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July 2004

NMR Spectroscopic Investigation of Human Carbonic Anhydrase Points to Alternative Mechanism of Action

Carbonic anhydrase (CA) catalyzes a deceptively simple chemical reaction-the hydration of CO2 to yield bicarbonate and a proton:

CO2 + H2O = HCO3- + H+.

CA was the first enzyme recognized to have a biological function for Zn2+, which was postulated as the activation of bound H2O. Abundant in all mammalian tissues, plants, algae, and bacteria, CA is perhaps the most studied metalloprotein with more than 180 crystal structures in the protein database. Scientists at Pacific Northwest National Laboratory (PNNL) have now found evidence that a commonly held mechanism of action for human CA may not be correct. Instead, the new data are consistent with an alternative mechanism proposed by Merz, Hoffmann, and Dewar1. The evidence was generated using novel low-temperature solid-state nuclear magnetic resonance (NMR) spectroscopy, which allowed direct observation of the Zn2+ in CA.

The most active form of CA has very fast reaction rates approaching ~106/s. As a result, there have been innumerable studies directed at this protein's action mechanism. The accepted reaction mechanism holds that the water ionizes (rate-limiting step) to yield a bound hydroxide that then adds to the nearby CO2 resulting in Zn2+-bound bicarbonate. The presence of bound water and fast catalytic rates together presents a problem that up to now could not be explained. Simple arguments would predict the fastest that CA could turn over would be at rates on the order of 104/s.

The principal observable in a solid-state 67Zn NMR experiment is the quadrupole coupling constant, Cq. The 67Zn Cq values are sensitive to changes in structure and bonding associated with water or hydroxide. The accompanying figure shows data collected on the 18.8-Tesla NMR spectrometer in DOE's Environmental Molecular Sciences Laboratory illustrating that the 67Zn NMR measurement is independent of pH over the range of 5 to 8.5. In the figure, the 67Zn NMR spectrum of CA is shown at pH 5 and 8.5.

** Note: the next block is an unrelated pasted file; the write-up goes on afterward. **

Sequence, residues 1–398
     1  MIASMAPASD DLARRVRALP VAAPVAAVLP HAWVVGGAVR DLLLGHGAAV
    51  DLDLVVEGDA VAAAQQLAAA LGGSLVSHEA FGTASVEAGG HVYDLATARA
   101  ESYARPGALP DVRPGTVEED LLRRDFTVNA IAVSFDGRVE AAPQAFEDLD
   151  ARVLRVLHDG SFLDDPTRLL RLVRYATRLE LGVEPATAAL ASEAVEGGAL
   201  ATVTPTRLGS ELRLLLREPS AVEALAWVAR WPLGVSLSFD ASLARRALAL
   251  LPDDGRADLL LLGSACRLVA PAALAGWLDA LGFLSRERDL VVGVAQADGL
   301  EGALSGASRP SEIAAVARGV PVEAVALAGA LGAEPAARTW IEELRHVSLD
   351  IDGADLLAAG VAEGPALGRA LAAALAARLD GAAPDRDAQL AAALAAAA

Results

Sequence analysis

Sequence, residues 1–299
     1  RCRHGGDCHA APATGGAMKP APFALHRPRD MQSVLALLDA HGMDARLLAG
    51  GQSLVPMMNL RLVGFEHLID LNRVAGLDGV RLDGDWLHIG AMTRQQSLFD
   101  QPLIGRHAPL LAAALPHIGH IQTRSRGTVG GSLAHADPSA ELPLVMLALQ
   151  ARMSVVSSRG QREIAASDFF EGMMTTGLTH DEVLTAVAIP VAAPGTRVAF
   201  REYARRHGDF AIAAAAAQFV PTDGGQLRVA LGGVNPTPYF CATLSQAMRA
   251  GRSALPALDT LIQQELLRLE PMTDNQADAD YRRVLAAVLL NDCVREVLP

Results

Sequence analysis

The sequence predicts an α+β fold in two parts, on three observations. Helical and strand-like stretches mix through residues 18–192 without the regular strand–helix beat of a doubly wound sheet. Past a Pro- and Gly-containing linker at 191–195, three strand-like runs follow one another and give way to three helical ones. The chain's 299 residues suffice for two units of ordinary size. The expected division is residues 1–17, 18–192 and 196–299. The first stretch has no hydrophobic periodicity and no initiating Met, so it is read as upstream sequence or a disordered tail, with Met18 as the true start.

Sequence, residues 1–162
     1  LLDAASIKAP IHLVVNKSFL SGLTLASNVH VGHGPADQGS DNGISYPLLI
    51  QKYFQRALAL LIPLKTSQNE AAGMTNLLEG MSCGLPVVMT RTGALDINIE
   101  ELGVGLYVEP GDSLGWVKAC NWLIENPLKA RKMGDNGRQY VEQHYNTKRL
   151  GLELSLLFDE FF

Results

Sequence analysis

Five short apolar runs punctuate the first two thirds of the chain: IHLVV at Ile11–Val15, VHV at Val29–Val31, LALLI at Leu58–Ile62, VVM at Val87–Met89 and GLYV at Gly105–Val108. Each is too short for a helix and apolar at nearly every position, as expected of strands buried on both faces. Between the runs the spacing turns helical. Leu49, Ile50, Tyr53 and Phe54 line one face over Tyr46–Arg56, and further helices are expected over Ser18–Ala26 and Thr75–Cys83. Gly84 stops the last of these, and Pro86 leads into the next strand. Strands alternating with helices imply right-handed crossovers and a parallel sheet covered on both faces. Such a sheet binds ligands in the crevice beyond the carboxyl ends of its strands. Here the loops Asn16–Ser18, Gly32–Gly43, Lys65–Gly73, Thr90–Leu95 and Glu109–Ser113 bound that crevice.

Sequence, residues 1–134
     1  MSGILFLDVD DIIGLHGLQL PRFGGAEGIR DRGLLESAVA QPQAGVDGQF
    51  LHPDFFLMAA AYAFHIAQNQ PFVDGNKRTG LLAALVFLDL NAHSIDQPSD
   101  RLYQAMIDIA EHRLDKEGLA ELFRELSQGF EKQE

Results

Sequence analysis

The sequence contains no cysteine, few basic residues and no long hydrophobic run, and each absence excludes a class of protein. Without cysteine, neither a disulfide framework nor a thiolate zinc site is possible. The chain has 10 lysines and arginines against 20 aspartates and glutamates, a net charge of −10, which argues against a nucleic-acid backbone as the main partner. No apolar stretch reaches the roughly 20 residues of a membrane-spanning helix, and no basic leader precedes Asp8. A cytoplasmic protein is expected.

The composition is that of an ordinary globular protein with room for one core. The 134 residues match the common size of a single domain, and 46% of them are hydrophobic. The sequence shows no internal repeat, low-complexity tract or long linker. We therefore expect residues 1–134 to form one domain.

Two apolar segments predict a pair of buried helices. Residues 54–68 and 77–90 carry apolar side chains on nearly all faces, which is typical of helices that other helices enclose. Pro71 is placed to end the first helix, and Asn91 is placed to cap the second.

These are the low-temperature (10K) solid-state 67Zn NMR spectra of CAII at (a) pH 5 and (b) pH 8.5. Above each experimental spectrum is a simulation of the spikelet envelope. At pH 5, the extracted value of Cq is 9.6 MHz, whereas at pH 8.5 the value is 10 MHz. Full Image

In the figure, the two spectra are essentially the same. At pH 5, the Zn2+ should be coordinated by H2O, and as a result, the 67Zn NMR spectrum is expected to be three to five times broader than the spectrum at pH 8.5. This is clearly not the case; however, these data are consistent with OH- being bound to Zn2+, not H2O over the entire pH range investigated and as modeled by molecular theory. This observation is contradictory to the accepted mechanism. However, it is consistent with an alternative mechanism proposed by Merz, Hoffmann, and Dewar. Further, these data also provide an explanation for the issues associated with the turnover rates for CA. In addition, these results point to an important complementary aspect of NMR methods to X-ray diffraction, namely the sensitivity of the NMR parameters to the presence or absence of protons.

Moreover, this work demonstrates the impact zinc spectroscopy can have with respect to delineating the structure and action mechanism of this important class of metalloproteins.

These results were recently published by PNNL staff (Lipton, A. S., R. W. Heck, and P. D. Ellis. 2004. "Zinc Solid-state NMR Spectroscopy of Human Carbonic Anhydrase: Implications for the Enzymatic Mechanism." Journal of the American Chemical Society 126(14):4735-4739). This work was supported by DOE's Office of Biological and Environmental Research and by the National Institutes of Health.

1. Merz KM, R Hoffmann, and MJS Dewar. 1989. "The Mode of Action of Carbonic Anhydrase." Journal of the American Chemical Society 111(15):5636-49. DOI:10.1021/ja00197a021.

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